Freshmen are tough. They come in and they’re still so young. It really takes them until after Christmas to realize they’re not in middle school anymore. So I really like juniors and seniors. They get to this stage where they’re like—you know what? It's okay. I can be who I am. It's kind of heartbreaking when they leave, since they’re so fun at that age. They’ve realized that it’s okay to be who they are and are getting comfortable in their own skin. They’re so awesome, and it’s sad when they graduate.

Elisha and her family
Elisha and her family on a trip to Alaska

What do you think people don’t understand about the role of a paraeducator?

I think paras get a lot put on them. There are just a of expectations from coworkers and students and parents, and I think that people assume that we make a lot of money—but that’s just not true. Paras are definitely underpaid.

And there are paras who are highly educated with a ton of experience. Like we have one gentleman at Coe-Brown with a master’s degree in history. And he’s amazing. The kids know that if they have any questions about history, they can go to him. He really is amazing. And I asked him one day—why don't you teach? And he said, “well, I’m older now and no one would hire me, they would hire someone younger.” And it’s so sad to think that because he’s older he believes that he doesn’t have value. It’s heartbreaking.

It's not that teachers undervalue paras. I don’t think that’s the case at all. I feel very valued by my colleagues. But in general, I don’t know if the public realizes the value of a paraeducator.

What are the best and worst parts of the job right now?

I think the worst part of my job is unrealistic expectations from the parents. For some of the parents, not all, the expectations for what a paraeducator can do is just too high.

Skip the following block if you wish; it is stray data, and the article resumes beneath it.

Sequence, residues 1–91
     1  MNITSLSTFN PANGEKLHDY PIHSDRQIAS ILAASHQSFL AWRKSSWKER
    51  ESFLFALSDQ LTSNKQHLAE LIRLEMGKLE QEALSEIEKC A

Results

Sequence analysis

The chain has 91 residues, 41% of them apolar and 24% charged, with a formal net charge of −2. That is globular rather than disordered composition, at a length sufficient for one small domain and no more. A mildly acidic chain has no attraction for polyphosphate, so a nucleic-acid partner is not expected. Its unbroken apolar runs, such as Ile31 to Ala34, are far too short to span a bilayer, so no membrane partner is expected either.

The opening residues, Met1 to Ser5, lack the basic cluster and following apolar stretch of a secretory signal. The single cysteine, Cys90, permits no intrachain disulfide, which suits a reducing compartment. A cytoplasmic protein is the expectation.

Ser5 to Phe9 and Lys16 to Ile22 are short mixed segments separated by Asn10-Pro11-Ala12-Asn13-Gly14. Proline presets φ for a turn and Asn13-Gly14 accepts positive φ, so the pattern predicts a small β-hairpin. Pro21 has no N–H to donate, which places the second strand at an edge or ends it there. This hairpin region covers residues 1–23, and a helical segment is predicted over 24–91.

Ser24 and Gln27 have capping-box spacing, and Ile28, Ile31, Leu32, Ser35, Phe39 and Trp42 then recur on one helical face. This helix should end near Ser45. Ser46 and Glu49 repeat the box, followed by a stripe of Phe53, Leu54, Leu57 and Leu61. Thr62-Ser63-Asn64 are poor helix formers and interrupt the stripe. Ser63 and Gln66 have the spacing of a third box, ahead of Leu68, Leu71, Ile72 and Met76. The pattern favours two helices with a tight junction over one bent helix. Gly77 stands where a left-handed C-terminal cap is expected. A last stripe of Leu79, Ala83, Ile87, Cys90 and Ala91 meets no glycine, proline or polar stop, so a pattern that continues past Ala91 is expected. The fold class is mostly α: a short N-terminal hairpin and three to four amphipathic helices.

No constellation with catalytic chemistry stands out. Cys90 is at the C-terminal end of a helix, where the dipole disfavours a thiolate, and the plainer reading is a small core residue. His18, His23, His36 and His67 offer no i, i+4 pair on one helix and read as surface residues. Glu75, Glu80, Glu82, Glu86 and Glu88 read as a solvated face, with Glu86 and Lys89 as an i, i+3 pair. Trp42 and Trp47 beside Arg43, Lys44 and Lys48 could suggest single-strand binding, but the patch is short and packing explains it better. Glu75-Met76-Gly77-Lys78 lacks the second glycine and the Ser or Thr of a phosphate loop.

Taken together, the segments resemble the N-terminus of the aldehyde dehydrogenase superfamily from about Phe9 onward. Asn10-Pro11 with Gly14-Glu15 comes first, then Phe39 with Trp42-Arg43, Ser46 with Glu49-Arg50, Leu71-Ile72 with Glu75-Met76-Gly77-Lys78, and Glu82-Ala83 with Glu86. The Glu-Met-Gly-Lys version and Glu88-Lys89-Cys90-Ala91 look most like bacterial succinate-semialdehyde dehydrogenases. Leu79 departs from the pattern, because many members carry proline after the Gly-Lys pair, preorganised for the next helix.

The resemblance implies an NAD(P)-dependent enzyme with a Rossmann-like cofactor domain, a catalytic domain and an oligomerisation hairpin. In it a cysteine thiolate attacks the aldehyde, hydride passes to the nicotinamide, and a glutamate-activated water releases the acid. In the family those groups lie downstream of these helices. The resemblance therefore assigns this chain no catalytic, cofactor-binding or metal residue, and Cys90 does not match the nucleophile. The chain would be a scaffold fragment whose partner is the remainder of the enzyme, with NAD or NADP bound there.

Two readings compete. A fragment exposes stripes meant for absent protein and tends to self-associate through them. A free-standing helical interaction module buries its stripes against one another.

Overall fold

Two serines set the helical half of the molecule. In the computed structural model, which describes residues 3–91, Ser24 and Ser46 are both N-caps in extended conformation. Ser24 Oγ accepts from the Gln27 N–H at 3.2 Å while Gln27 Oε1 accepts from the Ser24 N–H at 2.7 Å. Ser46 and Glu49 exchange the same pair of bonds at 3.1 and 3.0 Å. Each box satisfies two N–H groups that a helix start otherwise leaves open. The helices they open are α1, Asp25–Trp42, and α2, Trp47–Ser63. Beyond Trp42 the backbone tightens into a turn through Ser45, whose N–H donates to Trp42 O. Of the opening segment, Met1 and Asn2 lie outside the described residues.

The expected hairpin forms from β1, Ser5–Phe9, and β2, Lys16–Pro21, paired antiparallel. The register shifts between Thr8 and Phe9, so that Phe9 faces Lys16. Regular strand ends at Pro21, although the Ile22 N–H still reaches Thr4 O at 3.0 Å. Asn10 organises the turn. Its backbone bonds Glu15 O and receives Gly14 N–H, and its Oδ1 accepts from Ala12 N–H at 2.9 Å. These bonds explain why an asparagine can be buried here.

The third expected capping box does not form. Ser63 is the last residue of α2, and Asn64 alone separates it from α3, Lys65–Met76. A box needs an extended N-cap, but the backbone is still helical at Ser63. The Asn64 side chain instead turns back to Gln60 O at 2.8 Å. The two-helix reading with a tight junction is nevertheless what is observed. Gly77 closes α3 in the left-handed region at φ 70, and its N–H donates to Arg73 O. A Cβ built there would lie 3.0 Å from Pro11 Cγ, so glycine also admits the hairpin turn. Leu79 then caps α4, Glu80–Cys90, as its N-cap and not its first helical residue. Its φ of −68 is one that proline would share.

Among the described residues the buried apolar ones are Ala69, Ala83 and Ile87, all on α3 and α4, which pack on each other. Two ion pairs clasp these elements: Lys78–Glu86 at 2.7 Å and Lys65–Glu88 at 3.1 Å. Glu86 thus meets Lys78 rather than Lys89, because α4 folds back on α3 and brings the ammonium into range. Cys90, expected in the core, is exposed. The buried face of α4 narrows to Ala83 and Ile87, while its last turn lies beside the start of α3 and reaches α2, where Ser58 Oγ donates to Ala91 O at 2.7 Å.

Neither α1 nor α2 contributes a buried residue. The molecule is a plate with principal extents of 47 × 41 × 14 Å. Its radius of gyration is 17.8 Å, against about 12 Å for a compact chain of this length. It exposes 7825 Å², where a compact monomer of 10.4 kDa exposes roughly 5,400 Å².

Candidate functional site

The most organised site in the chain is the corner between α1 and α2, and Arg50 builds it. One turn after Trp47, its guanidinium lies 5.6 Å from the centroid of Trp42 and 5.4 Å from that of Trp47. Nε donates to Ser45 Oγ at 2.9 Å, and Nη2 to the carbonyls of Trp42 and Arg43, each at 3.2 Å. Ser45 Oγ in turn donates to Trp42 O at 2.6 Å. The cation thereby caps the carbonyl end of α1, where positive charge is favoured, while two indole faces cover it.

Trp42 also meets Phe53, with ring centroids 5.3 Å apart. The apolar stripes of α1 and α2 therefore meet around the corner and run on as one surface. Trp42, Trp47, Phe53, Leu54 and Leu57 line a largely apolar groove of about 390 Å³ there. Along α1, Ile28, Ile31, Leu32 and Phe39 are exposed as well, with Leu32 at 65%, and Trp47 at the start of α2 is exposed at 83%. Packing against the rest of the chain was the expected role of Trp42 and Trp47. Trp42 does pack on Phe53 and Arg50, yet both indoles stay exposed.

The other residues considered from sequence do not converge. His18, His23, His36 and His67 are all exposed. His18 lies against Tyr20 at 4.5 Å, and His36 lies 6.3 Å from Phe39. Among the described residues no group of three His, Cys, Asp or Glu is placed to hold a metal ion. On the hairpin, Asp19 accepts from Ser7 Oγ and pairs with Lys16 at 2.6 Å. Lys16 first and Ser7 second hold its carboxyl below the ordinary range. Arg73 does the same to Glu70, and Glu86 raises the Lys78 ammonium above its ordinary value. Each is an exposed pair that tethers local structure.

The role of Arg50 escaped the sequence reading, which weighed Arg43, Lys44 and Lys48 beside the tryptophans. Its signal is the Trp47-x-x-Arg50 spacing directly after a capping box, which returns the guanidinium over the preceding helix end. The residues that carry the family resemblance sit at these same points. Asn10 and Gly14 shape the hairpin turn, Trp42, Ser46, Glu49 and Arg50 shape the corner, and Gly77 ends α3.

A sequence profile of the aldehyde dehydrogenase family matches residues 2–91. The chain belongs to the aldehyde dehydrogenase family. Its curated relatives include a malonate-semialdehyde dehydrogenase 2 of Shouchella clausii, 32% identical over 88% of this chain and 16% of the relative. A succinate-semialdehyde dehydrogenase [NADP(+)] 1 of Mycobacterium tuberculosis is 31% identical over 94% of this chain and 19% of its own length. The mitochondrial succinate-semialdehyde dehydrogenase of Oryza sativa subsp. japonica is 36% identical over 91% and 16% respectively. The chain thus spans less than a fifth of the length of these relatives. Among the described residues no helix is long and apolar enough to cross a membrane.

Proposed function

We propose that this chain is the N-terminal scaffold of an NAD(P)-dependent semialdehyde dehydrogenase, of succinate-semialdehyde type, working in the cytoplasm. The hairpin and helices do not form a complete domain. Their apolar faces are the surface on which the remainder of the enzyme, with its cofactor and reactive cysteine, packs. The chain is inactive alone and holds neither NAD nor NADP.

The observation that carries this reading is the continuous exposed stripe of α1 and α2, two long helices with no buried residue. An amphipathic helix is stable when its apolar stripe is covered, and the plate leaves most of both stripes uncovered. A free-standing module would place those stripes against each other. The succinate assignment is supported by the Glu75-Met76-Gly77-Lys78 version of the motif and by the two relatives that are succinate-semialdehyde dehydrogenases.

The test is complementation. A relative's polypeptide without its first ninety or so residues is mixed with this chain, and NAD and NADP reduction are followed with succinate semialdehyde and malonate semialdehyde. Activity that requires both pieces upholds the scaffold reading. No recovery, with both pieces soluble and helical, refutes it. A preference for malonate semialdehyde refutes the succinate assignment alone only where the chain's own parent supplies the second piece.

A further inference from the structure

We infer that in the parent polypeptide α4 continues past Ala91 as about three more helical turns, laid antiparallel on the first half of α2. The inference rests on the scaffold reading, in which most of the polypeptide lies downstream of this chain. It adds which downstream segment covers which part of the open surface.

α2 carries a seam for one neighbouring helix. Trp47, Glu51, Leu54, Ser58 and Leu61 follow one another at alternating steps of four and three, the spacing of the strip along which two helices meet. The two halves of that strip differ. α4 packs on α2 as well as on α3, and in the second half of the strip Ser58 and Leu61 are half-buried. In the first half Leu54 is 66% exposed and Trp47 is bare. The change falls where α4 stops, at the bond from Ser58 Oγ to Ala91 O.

And the best part for me right now is my teacher colleagues. I think they're great. I’m treated very well, and I feel very valued. I feel valued from the administration. I feel valued from my immediate supervisor. She's always telling us she appreciates us. And I like my colleagues. I like going to work.

I know that’s not true at other places, in other schools. But I think the group of people I work with is just incredible—the other paras and the teachers and the Admin. I just love it at Coe-Brown. I wouldn’t want to work anywhere else. And the teachers—they’re great. I joke with them all the time. One teacher I work with is always joking about how she’s going to vote me the worst para in the world. But I know she’s kidding—it’s like my big sister harassing me. I mean, she got me a Christmas present! You know what I mean? We’re close, and it’s just so nice to feel comfortable and connected, and I love that we can trust each other and have this banter back-and-forth. She’s had all three of my kids and is always asking about them. I just love my community.

Photo of Elisha Quinney